So I talked to my mom last night. Lung cancer. Well, the haematologist oncologist couldn’t tell her 100% for sure due to guidelines or legalities or something until they biopsy, but my mom said that basically it’s cancer. The doctor just couldn’t say it. Even though he did say it.
Dialing it back to Friday, mom was feeling like she had pretty bad indigestion. By Saturday morning it felt like severe indigestion. Dad took her to emergency where they did 20 heart tests or so, because mom was sure it was her heart, and they took a CAT Scan. By Saturday night, a medical resident told my mom she had lung cancer and 1 to 7 years to live. I got the news early Sunday morning and that’s when I fell apart. By late Sunday afternoon mom was home and the hospital was doing a bit of back-peddling because residents don’t tell patients they have lung cancer based on a CAT Scan. So, I pocketed my emotions and we all waited until yesterday when she had a second scan and met with the cancer doctor.
Like the resident, he couldn’t say for sure, but he does this for a living. He said the mass, based on its visual characteristics, looks like a cancerous mass. I’m guessing he knows what he’s talking about. I work with kids who have or have had cancer. I attend clinics and watch and listen as the doctors sit around a table and put brain scans up on the screen, and talk about how a tumour is behaving and what type it likely is just on appearance.
Lung cancer. When I write it, it sounds so heavy. A death sentence. We just lost my uncle to lung cancer last May, five months after diagnosis. That should put things into perspective I guess. His symptoms were a little different though. Maybe that changes the playing field?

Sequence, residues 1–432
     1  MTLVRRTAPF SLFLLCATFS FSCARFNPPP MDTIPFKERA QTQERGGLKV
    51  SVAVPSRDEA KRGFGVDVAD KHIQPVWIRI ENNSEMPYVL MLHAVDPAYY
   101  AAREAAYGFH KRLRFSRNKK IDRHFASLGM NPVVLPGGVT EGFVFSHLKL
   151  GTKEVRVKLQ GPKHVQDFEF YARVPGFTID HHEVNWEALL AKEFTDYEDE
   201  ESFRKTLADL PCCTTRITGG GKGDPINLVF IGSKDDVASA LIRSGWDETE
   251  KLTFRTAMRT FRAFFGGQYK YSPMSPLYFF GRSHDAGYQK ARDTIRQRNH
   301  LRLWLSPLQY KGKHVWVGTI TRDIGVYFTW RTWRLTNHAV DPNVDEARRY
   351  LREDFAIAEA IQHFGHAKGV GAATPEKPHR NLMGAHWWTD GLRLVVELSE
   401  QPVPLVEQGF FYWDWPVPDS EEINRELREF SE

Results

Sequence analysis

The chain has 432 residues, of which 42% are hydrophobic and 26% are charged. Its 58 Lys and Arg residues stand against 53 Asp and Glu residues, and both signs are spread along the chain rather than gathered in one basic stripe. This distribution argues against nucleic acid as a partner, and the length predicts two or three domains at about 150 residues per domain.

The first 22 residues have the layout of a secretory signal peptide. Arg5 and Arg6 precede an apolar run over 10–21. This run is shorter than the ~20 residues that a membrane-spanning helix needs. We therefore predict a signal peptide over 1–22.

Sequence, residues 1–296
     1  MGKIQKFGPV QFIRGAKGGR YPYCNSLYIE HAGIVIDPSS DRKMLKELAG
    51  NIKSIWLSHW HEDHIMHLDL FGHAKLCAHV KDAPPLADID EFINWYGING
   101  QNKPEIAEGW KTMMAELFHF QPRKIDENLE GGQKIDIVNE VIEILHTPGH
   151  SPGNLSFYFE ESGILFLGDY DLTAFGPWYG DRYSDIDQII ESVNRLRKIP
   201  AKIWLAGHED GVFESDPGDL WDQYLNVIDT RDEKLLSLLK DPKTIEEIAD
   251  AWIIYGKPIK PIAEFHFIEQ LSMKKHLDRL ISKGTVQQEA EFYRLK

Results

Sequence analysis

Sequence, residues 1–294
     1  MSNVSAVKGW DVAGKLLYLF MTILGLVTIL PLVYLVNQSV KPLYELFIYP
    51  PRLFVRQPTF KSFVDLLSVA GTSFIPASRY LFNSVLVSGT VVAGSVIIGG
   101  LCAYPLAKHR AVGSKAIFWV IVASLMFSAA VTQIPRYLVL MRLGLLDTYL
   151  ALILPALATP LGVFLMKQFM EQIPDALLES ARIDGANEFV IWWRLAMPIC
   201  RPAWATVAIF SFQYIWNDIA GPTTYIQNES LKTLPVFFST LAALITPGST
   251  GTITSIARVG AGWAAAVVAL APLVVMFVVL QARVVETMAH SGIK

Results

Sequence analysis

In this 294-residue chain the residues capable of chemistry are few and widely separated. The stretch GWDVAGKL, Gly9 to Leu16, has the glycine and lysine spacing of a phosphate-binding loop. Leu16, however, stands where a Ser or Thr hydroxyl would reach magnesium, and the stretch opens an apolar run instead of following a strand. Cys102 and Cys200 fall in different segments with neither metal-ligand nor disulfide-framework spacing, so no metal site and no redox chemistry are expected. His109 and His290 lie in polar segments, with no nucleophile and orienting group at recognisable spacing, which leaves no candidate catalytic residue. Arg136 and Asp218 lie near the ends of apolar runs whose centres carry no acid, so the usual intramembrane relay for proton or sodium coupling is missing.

All I know is that when I talked to my mom last night, we could have been talking about a news item like the Alberta oil sands. My mom was so matter of fact about things, but not in a denial type of way. She talked about being eighty and having had a good life. She said this gives her time to prepare and that at least she has the benefit of knowing when she might expect her life to wind down. She said she plans to ramp up her second book of memoirs, the first being published about three years ago. She said she wants to say to each of us all the things she wants to say and get things in order.
Most of all, she said she has her faith. I think she’s almost excited about going to meet her maker. Almost as excited as she is about hitting the casino this weekend in Niagara Falls. Yep, when presented with the opportunity, my mom’s a geriatric gambler, fond of the casino atmosphere and the slot machines. Not even a cancer diagnosis is going to throw a coveted trip to Niagara off the rails. When she’s at those machines, I can guarantee she won’t be thinking one iota about lung cancer. She’ll be thinking about the big win.
I’m sure things will become more dire once my mom begins treatment. I think things will get very real, very quickly. For now, I’m following my mom’s cue and calmly thinking about those numbers spinning on the one arm bandit, acknowledging that we all die and we never really know when our number might be up.